Sharpe:

'The Sharpe ratio was developed by Nobel laureate William F. Sharpe, and is used to help investors understand the return of an investment compared to its risk. The ratio is the average return earned in excess of the risk-free rate per unit of volatility or total risk. Subtracting the risk-free rate from the mean return allows an investor to better isolate the profits associated with risk-taking activities. One intuition of this calculation is that a portfolio engaging in 'zero risk' investments, such as the purchase of U.S. Treasury bills (for which the expected return is the risk-free rate), has a Sharpe ratio of exactly zero. Generally, the greater the value of the Sharpe ratio, the more attractive the risk-adjusted return.'

Which means for our asset as example:
  • The risk / return profile (Sharpe) over 5 years of NetEase is 0.77, which is higher, thus better compared to the benchmark SPY (0.64) in the same period.
  • Looking at ratio of return and volatility (Sharpe) in of 0.39 in the period of the last 3 years, we see it is relatively smaller, thus worse in comparison to SPY (0.91).

Sortino:

'The Sortino ratio measures the risk-adjusted return of an investment asset, portfolio, or strategy. It is a modification of the Sharpe ratio but penalizes only those returns falling below a user-specified target or required rate of return, while the Sharpe ratio penalizes both upside and downside volatility equally. Though both ratios measure an investment's risk-adjusted return, they do so in significantly different ways that will frequently lead to differing conclusions as to the true nature of the investment's return-generating efficiency. The Sortino ratio is used as a way to compare the risk-adjusted performance of programs with differing risk and return profiles. In general, risk-adjusted returns seek to normalize the risk across programs and then see which has the higher return unit per risk.'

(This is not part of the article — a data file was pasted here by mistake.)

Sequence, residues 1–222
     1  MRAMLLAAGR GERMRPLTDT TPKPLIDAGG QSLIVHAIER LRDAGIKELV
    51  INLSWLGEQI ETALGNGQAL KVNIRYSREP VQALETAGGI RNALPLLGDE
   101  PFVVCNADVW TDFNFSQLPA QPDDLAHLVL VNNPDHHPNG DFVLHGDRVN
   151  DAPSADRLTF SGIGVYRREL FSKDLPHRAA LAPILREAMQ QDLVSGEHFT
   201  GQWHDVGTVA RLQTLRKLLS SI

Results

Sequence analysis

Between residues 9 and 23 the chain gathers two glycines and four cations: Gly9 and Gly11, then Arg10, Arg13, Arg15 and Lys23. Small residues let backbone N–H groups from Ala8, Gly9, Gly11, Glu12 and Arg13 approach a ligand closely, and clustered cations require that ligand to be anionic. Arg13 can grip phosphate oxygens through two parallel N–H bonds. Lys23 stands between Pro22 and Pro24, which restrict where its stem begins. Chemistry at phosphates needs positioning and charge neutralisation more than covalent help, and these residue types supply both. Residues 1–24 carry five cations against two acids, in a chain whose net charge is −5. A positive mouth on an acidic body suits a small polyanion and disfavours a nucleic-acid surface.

Using this definition on our asset we see for example:
  • The downside risk / excess return profile over 5 years of NetEase is 0.74, which is greater, thus better compared to the benchmark SPY (0.58) in the same period.
  • Looking at downside risk / excess return profile in of 0.38 in the period of the last 3 years, we see it is relatively lower, thus worse in comparison to SPY (0.81).

Ulcer:

'Ulcer Index is a method for measuring investment risk that addresses the real concerns of investors, unlike the widely used standard deviation of return. UI is a measure of the depth and duration of drawdowns in prices from earlier highs. Using Ulcer Index instead of standard deviation can lead to very different conclusions about investment risk and risk-adjusted return, especially when evaluating strategies that seek to avoid major declines in portfolio value (market timing, dynamic asset allocation, hedge funds, etc.). The Ulcer Index was originally developed in 1987. Since then, it has been widely recognized and adopted by the investment community. According to Nelson Freeburg, editor of Formula Research, Ulcer Index is “perhaps the most fully realized statistical portrait of risk there is.'

Applying this definition to our asset in some examples:
  • Compared with the benchmark SPY (3.96 ) in the period of the last 5 years, the Ulcer Ratio of 20 of NetEase is greater, thus better.